VANCOUVER – Jane Jacobsen, known for her many contributions to the Vancouver community, including “wanting to exist” for art installations in Confluence Oregon and Washington and at Vancouver Waterfront Park, died at her home on May 22.
“Jane was deeply dedicated to service,” Jacobsen’s good friend Betsy Henning told the Columbian. “She wanted to improve the community in which she lived.
Among his greatest contributions to Vancouver, Jacobsen was a project manager for the Vancouver Waterfront Park and recruited designers for the Grant Street Pier and the park’s water feature.
Henning said Jacobsen’s contributions include: the founding executive director and board member of Confluence; administrator of Clark College; President of the Friends of Fort Vancouver; founding member and advisory board member of Columbia Land Trust; former member of the Columbia River Gorge Commission and former member of the Washington State Historical Society.
At the turn of the century, Jacobsen was a leader in Vancouver’s vision to commemorate the bicentennial of Lewis and Clark’s journey to the Pacific Northwest.
Some in the community came up with a statue, but Jacobsen’s vision was much grander. It became Project Confluence, which is perhaps his greatest achievement, according to some of his friends and colleagues.
Jacobsen’s vision for the bicentennial included the building of monuments scattered across two states and dedicated to the people Lewis and Clark met and the places they visited. In the famous portrayal of the two travelers, they point the finger and look into the distance, and Jacobsen has offered to honor the things they have seen in present-day Washington and Oregon.
“She was always talking about Lewis, Clark and Sacagawea – what were they saying? It always stuck in my mind,” said Antone Minthorn, founding member of the Confluence board and leader in various tribal roles. Confederates of the Umatilla Indian Reservation.
In 2000, Jacobsen founded and became the executive director of the project. She raised $ 33 million. The project built five completed sites in the Pacific Northwest to honor the history of the region, including tribal history.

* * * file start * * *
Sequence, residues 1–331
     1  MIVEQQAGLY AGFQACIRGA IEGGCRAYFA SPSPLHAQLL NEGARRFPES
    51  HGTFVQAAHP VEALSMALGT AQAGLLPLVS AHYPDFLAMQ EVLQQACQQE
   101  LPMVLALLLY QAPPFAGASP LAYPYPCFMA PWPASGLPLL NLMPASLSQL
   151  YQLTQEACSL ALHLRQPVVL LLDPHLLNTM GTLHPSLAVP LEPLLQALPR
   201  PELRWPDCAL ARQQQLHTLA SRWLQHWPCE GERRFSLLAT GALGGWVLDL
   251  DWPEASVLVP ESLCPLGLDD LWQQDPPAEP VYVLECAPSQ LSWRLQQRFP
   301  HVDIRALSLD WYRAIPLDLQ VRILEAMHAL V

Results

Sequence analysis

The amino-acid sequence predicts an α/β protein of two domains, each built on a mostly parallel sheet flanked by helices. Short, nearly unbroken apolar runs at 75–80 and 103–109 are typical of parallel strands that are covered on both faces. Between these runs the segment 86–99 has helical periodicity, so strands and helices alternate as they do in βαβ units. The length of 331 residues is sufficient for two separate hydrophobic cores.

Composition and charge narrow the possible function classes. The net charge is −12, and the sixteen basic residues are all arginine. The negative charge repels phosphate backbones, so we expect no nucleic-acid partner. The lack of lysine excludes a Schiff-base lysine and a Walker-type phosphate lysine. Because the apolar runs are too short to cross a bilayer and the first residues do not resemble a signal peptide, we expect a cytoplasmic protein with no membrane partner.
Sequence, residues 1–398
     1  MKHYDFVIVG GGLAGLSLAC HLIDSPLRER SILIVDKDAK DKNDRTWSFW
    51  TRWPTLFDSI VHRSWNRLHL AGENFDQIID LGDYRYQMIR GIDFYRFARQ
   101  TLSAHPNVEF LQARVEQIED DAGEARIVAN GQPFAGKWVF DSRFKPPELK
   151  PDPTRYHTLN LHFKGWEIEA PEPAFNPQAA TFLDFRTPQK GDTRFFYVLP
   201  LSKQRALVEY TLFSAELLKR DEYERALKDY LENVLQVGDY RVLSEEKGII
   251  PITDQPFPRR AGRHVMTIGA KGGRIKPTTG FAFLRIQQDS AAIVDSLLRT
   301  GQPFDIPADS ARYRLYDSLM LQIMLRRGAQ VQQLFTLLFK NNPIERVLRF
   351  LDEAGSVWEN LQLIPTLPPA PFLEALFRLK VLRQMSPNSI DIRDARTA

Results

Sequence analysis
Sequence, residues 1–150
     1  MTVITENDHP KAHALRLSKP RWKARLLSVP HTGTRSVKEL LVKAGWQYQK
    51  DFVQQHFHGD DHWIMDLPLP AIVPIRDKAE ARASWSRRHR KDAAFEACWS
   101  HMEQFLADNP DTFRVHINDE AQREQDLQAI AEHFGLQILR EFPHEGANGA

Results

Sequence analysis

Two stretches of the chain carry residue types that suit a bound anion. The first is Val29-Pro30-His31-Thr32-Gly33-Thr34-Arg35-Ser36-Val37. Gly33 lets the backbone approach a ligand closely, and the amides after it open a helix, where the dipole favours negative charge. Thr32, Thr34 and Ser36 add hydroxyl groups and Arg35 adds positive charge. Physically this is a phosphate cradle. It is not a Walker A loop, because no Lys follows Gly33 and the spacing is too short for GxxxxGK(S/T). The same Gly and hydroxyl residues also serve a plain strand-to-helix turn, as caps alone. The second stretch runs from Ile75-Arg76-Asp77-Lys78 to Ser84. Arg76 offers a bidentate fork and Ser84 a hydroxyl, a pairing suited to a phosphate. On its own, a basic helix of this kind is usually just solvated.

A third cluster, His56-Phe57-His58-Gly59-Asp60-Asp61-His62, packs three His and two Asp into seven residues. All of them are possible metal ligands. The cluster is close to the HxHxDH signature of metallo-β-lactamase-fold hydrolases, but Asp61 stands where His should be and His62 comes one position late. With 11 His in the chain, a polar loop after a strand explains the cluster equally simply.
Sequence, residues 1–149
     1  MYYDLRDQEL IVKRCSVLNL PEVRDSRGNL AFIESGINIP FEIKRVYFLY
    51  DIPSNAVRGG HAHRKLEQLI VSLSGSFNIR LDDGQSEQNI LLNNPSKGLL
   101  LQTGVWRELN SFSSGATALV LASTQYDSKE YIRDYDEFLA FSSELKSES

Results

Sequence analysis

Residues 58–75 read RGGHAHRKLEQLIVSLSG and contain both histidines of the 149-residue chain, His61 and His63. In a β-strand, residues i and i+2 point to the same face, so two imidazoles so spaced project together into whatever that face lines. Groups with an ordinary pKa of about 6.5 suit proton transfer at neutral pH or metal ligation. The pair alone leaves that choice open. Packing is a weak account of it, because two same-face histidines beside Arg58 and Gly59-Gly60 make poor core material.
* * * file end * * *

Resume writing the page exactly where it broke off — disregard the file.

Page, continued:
Jacobsen recruited artist Maya Lin who had designed the Vietnam Veterans Memorial in Washington, DC, to design monuments. Lin also worked with Jacobsen and consulted for the Confluence Land Bridge, designed by architect Johnpaul Jones. The constructed pedestrian bridge spans Highway 14, connecting Fort Vancouver National Historic Site to the Columbia River.
Jacobsen was born in Burbank, California, and raised in Little Rock, Arkansas. Her husband, Paul Jacobsen, remembers living with her in Burlington, Vermont. While he was in medical school there, she supported him and his two young children by selling 90 loaves of bread a week at a local bakery. She cooked them using a small four-burner stove, said Paul Jacobsen.
After the family moved to Vancouver in 1989, Jane Jacobsen “quickly blossomed” in her involvement in the community.
Jacobsen’s son Gabe Jacobsen said that while she had accomplished so much she was more colorful than her list of accomplishments showed and she emphasized family values.
“She has always wanted to help and has actively looked for ways to help,” he said. “She helped me cross the country three times.”
Ben Jacobsen, Jane’s oldest son, said: “We are grateful to have spent so many years with her. She was a pillar, a rock and an inspiration to so many members of the community. She would definitely want us all to continue to push, improve, and uplift people while bringing people together. “
Survivors include her husband, Paul, sons, Ben and Gabe, a stepdaughter, Allison, and two grandsons, Henrik and Emmett Jacobsen.